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Reece and Lauren James: The first brother and sister to play for England

IN the case of the James clan, it’s very much about keeping it in the family.

Last year, Reece and Lauren James made history when they became the first brother and sister to play for England.

It’s astounding that two talented footballers of the men’s and women’s game are even playing professionally, not to mention pulling on a Three Lions shirt and representing their country.

But the London-born pair are living the dream. Part of their success is due to their incredible father, Nigel.

A motorbike accident halted his promising career, after spells at Luton Town and Southampton.

Nigel found his true calling through mentoring youngsters and later set up Nigel James Elite Coaching programme.

It’s testament to him, his son and his daughter would eventually become pros.

Reece (21) and Lauren (19) grew up in London with football an ongoing backdrop in their lives.

As well as a father with footballing aspirations, their elder brother Joshua was on the books of Fulham and Reading. Their mother Emma worked admirably for the NHS.

If the three siblings weren’t kicking a ball against a wall, they would be down the park honing their skills.

Often, their dad who would pass on his knowledge and put the three through training drills and exercises.

“We grew up as a three,” Reece of Chelsea proudly told the Blues official website.

“Obviously, Josh learned from my dad and then it just passed its way down. I started playing because my brother played, and my sister played because I played.

“We all used to play every day together at the park and over time we all gradually got better. There was a field behind my house, with two pitches, and every day I’d be playing football, either in the field or in the street.”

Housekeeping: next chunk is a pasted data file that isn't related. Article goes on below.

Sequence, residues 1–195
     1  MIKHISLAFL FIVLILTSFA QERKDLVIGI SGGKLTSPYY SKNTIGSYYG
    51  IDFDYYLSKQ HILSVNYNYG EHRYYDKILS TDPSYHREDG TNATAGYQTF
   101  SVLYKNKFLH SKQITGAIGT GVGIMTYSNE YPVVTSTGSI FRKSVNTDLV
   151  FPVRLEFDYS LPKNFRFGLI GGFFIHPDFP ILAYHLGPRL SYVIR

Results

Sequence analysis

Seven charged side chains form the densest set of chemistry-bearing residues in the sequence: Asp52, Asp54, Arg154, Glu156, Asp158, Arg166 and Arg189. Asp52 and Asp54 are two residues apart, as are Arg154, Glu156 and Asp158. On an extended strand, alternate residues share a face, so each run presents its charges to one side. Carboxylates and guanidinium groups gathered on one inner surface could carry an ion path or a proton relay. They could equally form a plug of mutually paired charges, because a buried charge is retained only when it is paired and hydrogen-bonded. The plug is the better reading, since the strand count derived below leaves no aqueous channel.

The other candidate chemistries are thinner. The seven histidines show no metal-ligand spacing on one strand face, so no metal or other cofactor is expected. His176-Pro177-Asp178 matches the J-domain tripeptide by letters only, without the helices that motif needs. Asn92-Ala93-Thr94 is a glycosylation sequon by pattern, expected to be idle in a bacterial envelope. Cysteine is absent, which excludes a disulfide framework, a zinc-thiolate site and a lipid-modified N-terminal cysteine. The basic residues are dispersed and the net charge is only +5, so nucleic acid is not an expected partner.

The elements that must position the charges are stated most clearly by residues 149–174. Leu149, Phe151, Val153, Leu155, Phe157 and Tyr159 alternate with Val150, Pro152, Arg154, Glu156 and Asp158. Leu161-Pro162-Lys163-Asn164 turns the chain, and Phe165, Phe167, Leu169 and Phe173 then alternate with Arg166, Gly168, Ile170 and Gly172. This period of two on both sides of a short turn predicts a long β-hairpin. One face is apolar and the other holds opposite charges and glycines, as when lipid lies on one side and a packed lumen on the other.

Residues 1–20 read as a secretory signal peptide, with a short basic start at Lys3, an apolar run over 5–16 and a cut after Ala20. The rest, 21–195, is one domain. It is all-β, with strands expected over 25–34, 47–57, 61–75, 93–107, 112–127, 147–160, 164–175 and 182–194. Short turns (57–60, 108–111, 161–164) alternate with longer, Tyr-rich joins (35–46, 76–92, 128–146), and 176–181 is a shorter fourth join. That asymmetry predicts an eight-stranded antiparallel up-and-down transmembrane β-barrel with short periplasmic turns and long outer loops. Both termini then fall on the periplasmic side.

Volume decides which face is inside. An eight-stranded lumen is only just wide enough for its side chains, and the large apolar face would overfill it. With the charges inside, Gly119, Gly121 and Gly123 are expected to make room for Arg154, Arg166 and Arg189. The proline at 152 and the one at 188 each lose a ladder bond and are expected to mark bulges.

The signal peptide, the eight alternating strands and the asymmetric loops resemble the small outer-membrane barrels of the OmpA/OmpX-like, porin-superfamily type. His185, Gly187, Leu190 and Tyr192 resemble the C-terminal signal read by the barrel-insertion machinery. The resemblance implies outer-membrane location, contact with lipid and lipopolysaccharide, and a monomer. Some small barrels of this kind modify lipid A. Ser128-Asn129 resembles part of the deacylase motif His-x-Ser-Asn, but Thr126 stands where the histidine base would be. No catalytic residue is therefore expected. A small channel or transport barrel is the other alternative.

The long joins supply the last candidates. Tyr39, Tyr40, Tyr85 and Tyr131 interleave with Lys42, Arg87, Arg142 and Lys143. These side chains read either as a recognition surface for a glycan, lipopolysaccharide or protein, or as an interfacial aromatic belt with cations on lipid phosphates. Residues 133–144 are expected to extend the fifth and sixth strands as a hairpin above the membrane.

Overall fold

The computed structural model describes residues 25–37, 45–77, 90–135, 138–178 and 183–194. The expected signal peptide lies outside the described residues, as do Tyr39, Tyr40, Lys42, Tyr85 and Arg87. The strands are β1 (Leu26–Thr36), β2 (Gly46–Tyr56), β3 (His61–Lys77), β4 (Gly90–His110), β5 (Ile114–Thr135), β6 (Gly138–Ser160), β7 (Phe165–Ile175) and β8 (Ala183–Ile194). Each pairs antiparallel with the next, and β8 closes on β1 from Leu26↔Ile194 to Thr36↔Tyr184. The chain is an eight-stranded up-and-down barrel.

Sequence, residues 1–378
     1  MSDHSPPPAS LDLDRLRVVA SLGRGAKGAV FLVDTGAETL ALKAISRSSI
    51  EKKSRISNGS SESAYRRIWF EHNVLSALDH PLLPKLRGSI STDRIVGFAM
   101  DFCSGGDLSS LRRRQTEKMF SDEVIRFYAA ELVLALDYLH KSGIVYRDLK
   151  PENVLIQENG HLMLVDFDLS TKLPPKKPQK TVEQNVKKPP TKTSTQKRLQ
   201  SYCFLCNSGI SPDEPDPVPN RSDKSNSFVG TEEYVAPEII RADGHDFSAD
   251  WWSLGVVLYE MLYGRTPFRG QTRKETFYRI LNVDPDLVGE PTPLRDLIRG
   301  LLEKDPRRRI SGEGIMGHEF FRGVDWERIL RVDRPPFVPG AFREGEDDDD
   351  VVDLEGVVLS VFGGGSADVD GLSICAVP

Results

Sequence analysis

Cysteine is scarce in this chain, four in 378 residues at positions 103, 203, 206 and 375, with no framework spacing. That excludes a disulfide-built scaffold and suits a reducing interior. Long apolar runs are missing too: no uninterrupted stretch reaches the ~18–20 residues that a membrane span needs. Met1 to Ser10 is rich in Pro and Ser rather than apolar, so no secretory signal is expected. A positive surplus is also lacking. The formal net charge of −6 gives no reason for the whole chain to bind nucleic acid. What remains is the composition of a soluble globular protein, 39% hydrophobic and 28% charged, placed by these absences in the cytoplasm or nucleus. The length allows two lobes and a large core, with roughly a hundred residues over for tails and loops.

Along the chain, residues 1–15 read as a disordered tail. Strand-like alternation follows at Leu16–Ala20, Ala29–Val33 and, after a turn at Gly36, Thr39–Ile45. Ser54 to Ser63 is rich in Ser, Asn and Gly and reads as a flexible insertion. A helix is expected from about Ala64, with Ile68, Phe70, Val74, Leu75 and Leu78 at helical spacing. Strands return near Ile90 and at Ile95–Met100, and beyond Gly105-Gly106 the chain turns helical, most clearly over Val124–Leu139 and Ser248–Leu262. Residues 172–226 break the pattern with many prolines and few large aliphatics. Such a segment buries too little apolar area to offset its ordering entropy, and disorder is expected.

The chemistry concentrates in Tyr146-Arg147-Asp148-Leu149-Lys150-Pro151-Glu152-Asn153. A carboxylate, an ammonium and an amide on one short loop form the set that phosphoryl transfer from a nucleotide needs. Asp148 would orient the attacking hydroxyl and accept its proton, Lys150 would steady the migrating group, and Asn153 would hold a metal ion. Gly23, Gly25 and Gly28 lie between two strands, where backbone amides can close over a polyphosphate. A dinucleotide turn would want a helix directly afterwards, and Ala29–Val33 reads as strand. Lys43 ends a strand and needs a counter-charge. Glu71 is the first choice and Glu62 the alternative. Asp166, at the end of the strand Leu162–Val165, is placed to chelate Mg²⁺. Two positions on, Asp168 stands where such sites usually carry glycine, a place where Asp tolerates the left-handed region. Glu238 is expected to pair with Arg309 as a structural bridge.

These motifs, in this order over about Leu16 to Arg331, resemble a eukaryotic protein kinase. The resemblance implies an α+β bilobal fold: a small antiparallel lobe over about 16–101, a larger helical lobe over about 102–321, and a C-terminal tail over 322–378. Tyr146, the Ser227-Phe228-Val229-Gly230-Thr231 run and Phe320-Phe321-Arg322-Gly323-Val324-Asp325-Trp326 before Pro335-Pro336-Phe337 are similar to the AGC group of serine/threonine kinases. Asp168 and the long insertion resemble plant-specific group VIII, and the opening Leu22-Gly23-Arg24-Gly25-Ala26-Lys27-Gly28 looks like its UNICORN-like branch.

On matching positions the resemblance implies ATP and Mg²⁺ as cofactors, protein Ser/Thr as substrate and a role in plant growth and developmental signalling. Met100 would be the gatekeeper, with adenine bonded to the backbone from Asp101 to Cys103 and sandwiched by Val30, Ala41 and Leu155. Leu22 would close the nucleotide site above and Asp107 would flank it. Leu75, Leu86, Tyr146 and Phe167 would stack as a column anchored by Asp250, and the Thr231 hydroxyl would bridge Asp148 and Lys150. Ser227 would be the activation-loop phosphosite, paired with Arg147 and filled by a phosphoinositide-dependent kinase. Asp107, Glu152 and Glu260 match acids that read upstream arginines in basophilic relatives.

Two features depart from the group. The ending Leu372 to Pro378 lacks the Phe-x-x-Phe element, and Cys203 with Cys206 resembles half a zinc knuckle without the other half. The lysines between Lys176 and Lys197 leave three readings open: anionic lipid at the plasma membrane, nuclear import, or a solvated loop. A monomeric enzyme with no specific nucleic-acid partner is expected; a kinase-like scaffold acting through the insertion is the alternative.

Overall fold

Lauren, a striker for Manchester United, echoes the sentiment that the beautiful game dominated their lives.

“All I ever knew was football, football and football,” she told The Telegraph.

“My brothers got me into football. Whether it was when Josh was at Fulham or when Reece was at the Chelsea academy, I was there kicking the ball against the fence.

“I’ve always had a football and it has just taken me to where I am now.”

Reece was an early bloomer when it came to his footballing talent.

By the age of six he joined Chelsea’s impressive development academy, where he progressed through the ranks.

However, it took him some time to find his best position. He started off as a striker, moved into midfield and then had to learn the art of defending.

Once he cemented the right-back as his own, there was no stopping him. In the 2017-18 season, he appeared for England at Under-18, Under-19 and Under-20 level.

A loan at Wigan Athletic the following campaign saw Reece named as their Player of the Year.

Lauren might be slightly younger than Reece, but her achievements are just as impressive.

At 13 she joined Arsenal, and because of her experience with playing with her brothers was encouraged to train with the boys’ team.

Two years later, the prolific forward made her first team debut for the Gunners women’s team —beating Reece to the punch there.

She created history in the process becoming the youngest player in Arsenal’s history male or female to make their bow for the club.

But that didn’t deter the brave teen, who scored 14 goals in 18 league games as the Red Devils won promotion from the Championship at the first time of asking to the Women’s Super League.

As is a sad indictment of our times, both Reece and Lauren have been targeted with online racist abuse.

They are united in their efforts to encourage social media companies to do more with their platforms in stopping racism.

“When we both get messages like that, we turn to each other and discuss it,” Reece said.

“I think everyone agrees and knows that what’s happening with social media and racism is wrong. Everyone says they want to change, but not many things are changing.”

Although they share a competitive nature on the pitch, Reece and Lauren only have a mutual respect for each other’s achievements.

But Lauren knew she had to emulate her brother by following his footsteps into the England squad.

“We are not usually competitive,” she revealed.

“When he got his senior England call-up, it was like, ‘Right, he got his, I’ve got to get mine now.’ That’s probably the only time and I laugh about it now.”

Reece earned his first cap against Wales last October, while a month later Lauren received a senior national team call-up as part of a 29-player training camp at St George’s Park.

Despite their careers mirroring one another, Reece is adamant they can’t be compared.

No. But you can applaud their success. They are, after all, living the dream.

The Sun

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